One of the most interesting little stories involving Dublin and the famine is that of ‘Soyer’s soup kitchen’, a temporary structure erected at Croppies Acre for the purpose of feeding the starving masses of the city. My interest in this story was sparked by an Illustrated London News illustration from April 1847, showing a showpiece soup kitchen that was opened in Dublin by a famed French chef, in an attempt at providing much-needed relief to the suffering Irish people.

The Illustrated London News, 17 April 1847. (Digitised by http://multitext.ucc.ie/)

The Illustrated London News, 17 April 1847. (Digitised by http://multitext.ucc.ie/)

Alexis Soyer, born in 1809, was a high-profile French chef, indeed it has been argued he was among the first ‘celebrity chefs’. In The Great Famine and the Irish Diaspora in America, Jillian Strang and Joyce Toomre note that “was an “affable and eccentric chef with a strong sense of showmanship and a flair for publicity. Soyer loved to dazzle, and to do the seeming impossible.” As chef of the Reform Club in London from 1837, Soyer’s food would have been enjoyed by members of the political class in Britain, though he was greatly moved by the reported suffering of the Irish starving workers and peasantry, and was approached by authorities with the aim of establishing a model soup kitchen in Dublin. Soyer had written to the press in England on the question of the misery in Ireland and what response should be taken to it. Soyer sent recipes to the press which he believed were sufficient to provide nutritional value for those in dire need. Below is one recipe which was published in The Times:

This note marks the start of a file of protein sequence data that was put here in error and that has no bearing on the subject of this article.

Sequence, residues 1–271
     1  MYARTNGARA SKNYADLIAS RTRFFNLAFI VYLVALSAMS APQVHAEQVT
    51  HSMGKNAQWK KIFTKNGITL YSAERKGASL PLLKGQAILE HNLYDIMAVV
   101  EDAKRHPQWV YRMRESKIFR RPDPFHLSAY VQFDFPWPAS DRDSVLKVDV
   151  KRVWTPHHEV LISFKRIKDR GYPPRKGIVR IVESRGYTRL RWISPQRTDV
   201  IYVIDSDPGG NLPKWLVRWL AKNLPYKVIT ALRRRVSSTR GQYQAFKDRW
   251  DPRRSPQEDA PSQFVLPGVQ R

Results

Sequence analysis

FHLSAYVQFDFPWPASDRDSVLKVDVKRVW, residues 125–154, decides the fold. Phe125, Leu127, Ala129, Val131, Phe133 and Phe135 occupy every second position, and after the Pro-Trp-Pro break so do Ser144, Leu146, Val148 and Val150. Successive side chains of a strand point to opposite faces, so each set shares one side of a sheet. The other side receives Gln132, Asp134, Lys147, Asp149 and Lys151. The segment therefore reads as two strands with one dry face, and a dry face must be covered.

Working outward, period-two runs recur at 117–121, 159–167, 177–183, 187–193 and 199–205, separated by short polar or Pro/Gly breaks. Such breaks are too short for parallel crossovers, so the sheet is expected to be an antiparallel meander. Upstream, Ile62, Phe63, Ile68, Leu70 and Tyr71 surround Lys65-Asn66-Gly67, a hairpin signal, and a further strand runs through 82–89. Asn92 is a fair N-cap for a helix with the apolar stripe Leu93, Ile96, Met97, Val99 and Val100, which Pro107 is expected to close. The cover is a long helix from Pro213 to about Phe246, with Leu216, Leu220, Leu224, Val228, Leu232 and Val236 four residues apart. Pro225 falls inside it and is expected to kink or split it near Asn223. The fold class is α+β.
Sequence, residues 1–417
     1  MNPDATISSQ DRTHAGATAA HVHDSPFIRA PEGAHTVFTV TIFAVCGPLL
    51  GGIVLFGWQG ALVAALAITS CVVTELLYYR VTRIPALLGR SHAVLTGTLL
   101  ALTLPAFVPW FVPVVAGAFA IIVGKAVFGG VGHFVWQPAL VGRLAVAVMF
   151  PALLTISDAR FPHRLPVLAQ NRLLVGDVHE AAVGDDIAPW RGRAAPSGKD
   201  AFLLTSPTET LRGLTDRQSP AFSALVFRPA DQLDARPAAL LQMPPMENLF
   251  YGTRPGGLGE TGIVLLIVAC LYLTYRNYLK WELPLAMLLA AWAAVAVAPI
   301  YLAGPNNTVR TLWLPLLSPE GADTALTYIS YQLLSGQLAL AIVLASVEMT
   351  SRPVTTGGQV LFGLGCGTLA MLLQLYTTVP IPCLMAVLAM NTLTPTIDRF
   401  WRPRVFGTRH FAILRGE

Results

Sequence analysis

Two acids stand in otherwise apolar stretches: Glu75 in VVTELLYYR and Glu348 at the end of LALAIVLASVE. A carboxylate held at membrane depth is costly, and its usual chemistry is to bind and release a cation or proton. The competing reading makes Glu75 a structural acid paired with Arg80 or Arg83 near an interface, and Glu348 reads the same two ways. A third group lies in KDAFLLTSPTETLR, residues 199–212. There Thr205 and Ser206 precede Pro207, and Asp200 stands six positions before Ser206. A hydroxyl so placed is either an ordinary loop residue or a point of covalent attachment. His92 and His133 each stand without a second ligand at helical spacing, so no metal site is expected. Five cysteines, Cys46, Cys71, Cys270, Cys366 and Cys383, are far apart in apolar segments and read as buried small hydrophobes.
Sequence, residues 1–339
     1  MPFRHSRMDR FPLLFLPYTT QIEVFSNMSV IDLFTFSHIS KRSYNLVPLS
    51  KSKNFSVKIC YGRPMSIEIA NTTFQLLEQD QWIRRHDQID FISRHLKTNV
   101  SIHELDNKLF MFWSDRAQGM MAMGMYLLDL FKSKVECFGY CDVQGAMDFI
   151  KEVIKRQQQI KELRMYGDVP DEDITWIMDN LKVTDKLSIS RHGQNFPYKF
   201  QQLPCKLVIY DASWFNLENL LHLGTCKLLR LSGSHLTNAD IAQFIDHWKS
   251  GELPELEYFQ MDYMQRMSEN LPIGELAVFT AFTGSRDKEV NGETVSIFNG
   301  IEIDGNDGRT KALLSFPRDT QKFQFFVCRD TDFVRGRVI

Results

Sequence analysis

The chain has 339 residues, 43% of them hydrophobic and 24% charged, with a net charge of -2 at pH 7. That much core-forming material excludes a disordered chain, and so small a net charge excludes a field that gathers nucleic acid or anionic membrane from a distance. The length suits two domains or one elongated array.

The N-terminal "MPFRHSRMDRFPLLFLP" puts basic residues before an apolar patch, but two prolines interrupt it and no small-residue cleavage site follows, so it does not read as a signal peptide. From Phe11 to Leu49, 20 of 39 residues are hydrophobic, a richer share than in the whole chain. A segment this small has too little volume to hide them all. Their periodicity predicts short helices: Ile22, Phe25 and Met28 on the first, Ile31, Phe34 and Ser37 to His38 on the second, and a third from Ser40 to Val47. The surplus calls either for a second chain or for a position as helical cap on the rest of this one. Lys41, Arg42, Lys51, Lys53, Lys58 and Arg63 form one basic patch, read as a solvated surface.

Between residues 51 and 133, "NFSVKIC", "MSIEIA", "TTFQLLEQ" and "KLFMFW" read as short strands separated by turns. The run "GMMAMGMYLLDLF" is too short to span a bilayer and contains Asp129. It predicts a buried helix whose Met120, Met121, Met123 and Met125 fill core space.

A recipe sent by Soyer to The Times newspaper in 1847.

A recipe sent by Soyer to The Times newspaper in 1847.

Soyer was capable of making up to 100 gallons of soup for under £1, a remarkable achievement, though the soup itself was often derided in the press, with some contemporary commentators noting it was not so much soup for the poor man as it was just poor soup.Regardless, Soyer was warmly welcomed in the Dublin of 1847,and within weeks a temporary structure was erected in front of the Royal Barracks for the task of feeding the masses. A wooden structure, described in contemporary reports as being about forty feet in length, and thirty feet in breadth, the spoons within the structure were bound by chains to the bowls and tables, to provide them from being stolen. Frank Hopkins has noted that: